Dried out for Mastwork... Lumberyard in Background.
Most of the boats who've ever sailed have had solid, grown masts.

Extruded aluminum, fiberglass, modern adhesives and even spiral welded metals have recently brought hollow masts to the fore. They've taken over to such an extent that it's sometimes overlooked that alternatives are possible!

And for some good reasons. Well made hollow masts are lighter, stiffer, in some cases stronger... and hollow. Haulyards and wiring to masthead electronics can be lead up the hollow, which can provide floatation in a beam-ends knockdown. That haulyards can jam and electronics fail causing mast high hassle somewhat detracts from the advantages, but still. Net plus, so far.

But solid, grown masts are generally free. They only take felling, cutting to length, barking and maybe a little shaping at the head and foot. A morning's work at an easy pace with bowsaw and draw-knife, leaving the afternoon for transferring hardware, erecting and rigging. Vamanos!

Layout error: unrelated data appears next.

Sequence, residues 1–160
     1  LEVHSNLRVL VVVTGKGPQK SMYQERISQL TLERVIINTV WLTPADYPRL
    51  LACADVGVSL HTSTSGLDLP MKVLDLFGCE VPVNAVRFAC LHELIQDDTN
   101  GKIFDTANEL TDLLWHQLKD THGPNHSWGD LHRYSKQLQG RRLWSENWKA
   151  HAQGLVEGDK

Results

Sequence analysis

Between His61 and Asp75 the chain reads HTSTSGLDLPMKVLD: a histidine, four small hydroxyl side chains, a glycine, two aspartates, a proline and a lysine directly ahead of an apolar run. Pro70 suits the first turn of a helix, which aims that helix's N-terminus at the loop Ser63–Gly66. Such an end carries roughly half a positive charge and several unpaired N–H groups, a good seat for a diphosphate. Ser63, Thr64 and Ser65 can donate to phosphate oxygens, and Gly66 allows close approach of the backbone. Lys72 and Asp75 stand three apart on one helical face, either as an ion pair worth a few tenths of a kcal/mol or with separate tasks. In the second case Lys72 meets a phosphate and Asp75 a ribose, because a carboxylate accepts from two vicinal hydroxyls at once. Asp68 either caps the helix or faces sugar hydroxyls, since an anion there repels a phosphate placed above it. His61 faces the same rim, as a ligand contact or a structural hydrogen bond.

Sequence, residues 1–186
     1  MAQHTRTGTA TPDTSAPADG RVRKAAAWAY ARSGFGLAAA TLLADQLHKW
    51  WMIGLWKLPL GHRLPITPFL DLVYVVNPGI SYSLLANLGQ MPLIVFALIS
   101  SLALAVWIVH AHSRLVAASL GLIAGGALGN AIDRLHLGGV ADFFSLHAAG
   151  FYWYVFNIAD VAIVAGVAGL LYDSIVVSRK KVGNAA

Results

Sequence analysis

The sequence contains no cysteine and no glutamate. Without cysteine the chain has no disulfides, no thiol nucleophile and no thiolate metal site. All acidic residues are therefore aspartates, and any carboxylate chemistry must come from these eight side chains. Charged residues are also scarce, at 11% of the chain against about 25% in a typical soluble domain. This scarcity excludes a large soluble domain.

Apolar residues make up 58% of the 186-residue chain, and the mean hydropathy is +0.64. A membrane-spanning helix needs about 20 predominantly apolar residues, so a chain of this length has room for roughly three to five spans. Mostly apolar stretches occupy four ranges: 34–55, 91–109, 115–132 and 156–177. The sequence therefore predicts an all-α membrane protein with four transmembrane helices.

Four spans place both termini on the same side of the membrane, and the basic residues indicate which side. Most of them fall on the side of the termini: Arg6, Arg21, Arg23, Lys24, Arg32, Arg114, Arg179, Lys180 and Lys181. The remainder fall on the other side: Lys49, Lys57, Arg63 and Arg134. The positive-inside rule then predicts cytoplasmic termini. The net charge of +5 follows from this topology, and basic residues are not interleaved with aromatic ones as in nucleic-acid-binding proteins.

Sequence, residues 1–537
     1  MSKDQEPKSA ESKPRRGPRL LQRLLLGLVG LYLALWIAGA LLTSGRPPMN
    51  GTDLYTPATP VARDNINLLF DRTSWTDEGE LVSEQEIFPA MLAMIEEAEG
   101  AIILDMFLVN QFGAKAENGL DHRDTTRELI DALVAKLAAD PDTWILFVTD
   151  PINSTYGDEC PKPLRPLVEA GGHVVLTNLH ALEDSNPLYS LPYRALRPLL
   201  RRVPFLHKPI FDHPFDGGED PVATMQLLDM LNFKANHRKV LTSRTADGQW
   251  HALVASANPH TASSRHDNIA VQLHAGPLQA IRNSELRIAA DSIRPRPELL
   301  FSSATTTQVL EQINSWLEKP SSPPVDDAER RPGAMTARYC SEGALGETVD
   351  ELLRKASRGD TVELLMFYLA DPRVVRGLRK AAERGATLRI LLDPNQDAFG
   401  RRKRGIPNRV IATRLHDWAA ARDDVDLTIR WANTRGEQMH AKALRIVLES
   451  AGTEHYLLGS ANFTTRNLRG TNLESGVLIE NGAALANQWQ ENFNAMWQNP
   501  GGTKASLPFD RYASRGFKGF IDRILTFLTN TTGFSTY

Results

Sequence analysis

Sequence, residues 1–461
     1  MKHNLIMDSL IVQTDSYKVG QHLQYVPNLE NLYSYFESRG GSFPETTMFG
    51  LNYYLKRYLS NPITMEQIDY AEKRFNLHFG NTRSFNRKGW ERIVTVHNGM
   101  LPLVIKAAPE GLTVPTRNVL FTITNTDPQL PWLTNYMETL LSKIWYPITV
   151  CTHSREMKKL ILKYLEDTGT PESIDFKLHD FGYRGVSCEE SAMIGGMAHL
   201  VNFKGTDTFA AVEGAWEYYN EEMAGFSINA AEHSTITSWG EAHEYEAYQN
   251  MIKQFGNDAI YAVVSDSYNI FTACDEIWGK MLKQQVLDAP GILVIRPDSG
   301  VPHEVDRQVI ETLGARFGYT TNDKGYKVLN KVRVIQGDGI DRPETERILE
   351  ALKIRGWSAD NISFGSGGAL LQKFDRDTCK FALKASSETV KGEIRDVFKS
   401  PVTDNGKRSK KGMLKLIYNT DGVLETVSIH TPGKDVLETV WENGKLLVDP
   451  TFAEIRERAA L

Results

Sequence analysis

All this takes place in the woods or on the beach, requiring no shop, tablesaws, level sawhorses, clamps, scarphing, rounding, end-plugs or butterfly internal supports.

We live in a good area for spar stock. Sitka Spruce has been considered prime material since the age of sail. It's light weight and long fibers are bio-engineered for the high winds of the Pacific Northwest. Many other trees - fir, larch, pines and members of the cypress family, to name a few - work fine, and grow straight and true in almost any area that sports trees at all.